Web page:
The legendary guitarist and songwriter John Martyn has died at the age of 60, it was announced today.
Martyn, whose highly regarded albums include Solid Air, Inside Out and Grace And Danger, is understood to have died earlier today. He had been made an OBE in the recent New Year Honours list.
The gifted musician had been regarded as one of the UK's most innovative folk-blues performers but his mercurial talent was often blighted by his years of heavy drinking. He had to have his right leg amputated below the knee in recent years because of a burst cyst.
Martyn, born in New Malden, Surrey, bur raised in Glasgow, had been honoured at the BBC Folk Awards in 2008.
A statement on his website announced the news. It said: "With heavy heart and an unbearable sense of loss we must announce that John died this morning."
Paying tribute to Martyn, BBC Radio 2's folk presenter Mike Harding said:
"John Martyn was a true original, one of the giants of the folk scene. He could write and sing classics like 'May You Never' and 'Fairy Tale Lullaby' like nobody else, and he could sing traditional songs like Spencer The Rover in a way that made them seem new minted."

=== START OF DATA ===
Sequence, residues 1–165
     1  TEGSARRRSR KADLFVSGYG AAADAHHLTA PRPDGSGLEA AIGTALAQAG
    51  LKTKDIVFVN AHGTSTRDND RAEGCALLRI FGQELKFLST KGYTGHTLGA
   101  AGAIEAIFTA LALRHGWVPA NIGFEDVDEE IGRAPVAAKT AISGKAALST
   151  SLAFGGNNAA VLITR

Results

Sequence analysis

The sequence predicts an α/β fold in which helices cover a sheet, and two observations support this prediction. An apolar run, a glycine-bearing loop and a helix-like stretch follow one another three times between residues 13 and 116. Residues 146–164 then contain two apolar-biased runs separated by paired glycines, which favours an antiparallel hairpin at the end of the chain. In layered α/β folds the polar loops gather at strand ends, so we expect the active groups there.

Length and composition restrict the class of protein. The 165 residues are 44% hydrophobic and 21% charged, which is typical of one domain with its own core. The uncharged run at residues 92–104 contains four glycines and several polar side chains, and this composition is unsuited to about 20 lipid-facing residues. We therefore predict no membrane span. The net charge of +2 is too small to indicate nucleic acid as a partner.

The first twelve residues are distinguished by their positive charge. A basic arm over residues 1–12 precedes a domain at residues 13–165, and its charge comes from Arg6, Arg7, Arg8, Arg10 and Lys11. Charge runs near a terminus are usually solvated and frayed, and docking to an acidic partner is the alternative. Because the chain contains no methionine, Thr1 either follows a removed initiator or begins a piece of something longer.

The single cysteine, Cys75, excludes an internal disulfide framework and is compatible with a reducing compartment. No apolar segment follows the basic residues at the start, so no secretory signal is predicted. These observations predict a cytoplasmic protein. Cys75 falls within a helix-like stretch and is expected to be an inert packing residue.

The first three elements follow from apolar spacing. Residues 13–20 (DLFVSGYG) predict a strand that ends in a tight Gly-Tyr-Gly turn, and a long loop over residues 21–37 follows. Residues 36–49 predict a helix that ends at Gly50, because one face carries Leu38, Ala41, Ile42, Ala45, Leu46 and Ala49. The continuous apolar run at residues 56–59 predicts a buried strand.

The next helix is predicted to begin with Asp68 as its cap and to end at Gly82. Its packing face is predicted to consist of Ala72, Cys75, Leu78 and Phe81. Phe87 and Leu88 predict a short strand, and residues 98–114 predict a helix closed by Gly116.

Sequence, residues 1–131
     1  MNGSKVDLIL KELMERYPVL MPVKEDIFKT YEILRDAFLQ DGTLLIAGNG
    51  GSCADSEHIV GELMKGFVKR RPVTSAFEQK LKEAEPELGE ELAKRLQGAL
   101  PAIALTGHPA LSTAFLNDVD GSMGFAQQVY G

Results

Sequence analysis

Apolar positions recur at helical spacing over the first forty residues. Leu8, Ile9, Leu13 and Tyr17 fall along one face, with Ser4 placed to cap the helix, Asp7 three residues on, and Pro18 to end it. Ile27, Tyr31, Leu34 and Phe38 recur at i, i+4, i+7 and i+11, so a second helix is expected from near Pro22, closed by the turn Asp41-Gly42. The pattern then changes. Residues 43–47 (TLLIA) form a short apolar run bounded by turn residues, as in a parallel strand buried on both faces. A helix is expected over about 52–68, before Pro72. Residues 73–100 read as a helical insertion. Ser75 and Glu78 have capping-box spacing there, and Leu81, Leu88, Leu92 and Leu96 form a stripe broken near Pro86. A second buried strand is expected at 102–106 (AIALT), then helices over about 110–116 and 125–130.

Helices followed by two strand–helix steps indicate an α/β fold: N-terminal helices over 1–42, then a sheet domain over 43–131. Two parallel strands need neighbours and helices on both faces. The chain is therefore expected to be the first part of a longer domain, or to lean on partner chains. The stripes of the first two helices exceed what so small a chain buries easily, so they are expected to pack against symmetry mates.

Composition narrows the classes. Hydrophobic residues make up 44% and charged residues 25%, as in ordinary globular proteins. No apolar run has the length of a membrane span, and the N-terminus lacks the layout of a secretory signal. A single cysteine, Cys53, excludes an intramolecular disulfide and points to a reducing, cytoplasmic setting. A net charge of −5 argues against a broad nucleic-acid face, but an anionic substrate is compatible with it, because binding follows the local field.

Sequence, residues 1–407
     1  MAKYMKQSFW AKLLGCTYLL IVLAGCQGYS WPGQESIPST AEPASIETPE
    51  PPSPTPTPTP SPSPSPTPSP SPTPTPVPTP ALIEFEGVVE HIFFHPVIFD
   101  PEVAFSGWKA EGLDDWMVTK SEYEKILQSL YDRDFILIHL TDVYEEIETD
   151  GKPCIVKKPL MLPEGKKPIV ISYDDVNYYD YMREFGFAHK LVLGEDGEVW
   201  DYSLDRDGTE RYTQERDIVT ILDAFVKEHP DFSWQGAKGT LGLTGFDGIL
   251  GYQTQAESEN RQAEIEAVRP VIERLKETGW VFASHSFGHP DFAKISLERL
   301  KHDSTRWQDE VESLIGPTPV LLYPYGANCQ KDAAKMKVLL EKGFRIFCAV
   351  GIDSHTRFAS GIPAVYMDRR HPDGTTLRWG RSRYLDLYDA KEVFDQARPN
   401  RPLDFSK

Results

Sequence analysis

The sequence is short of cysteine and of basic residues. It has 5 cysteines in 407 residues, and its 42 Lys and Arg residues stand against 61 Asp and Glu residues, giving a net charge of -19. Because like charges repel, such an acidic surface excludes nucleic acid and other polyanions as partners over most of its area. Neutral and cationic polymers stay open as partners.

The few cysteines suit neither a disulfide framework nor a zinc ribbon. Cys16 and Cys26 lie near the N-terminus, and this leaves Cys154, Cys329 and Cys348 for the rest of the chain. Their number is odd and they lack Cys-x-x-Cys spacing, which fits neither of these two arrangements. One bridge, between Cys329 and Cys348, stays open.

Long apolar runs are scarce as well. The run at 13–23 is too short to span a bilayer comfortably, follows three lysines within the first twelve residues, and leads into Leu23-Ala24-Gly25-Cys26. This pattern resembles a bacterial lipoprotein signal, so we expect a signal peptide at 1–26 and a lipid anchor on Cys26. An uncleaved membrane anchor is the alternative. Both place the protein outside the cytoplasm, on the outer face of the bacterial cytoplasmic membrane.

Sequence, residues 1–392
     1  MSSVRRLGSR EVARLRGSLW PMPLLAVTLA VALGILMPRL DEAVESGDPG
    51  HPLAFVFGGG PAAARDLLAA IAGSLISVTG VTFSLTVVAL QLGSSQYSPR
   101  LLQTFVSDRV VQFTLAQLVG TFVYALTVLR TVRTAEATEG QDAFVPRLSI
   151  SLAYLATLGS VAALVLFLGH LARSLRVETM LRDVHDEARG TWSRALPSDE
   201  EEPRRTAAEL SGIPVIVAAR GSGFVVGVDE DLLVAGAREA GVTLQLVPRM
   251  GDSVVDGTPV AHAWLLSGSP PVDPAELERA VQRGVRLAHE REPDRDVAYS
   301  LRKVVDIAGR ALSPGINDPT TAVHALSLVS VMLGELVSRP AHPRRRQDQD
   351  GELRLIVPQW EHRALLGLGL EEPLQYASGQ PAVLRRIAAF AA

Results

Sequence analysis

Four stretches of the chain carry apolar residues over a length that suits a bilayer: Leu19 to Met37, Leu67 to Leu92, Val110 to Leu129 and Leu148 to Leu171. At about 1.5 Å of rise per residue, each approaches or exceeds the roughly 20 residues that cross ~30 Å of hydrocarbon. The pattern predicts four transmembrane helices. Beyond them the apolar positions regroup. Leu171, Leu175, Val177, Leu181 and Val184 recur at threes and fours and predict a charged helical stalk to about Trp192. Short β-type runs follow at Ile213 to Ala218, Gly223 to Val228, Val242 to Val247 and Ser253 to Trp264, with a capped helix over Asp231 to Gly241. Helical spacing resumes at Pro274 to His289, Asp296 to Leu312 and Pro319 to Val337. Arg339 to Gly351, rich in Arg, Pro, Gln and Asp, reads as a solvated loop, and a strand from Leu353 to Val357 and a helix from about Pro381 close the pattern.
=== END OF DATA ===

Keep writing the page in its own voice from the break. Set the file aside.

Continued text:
The 1973 album Solid Air was named the 67th best British album of all time in 2000 and was Martyn cemented his reputation with 1973's Solid Air, described as the "musical equivalent of a reassuring hug".
Martyn moved to London in his later teenage years and as a performer at the Soho folk club Les Cousins, he was a contemporary of artists such as Bert Jansch and Al Stewart. His debut album London Conversations in 1968 was released by Islands Records and he was Chris Blackwell's first white signing. But it was Solid Air which became his best known work five years later, featuring a title track dedicated to friend Nick Drake.
His life soon became more or less dependent on drinking which would occasionally leave him barely coherent as he performed. Yet he still continued to write and play with collaborations over the years with Ringo Starr, David Gilmour. He even contributed his vocals to a top 40 hit with Sister Bliss of Faithless.
Following the loss of his leg, he continued to perform from a wheelchair.
(photograph Elliot Clowes)
Here he is in action on the Old Grey Whistle Test
1:43 PM | 29/01/2009
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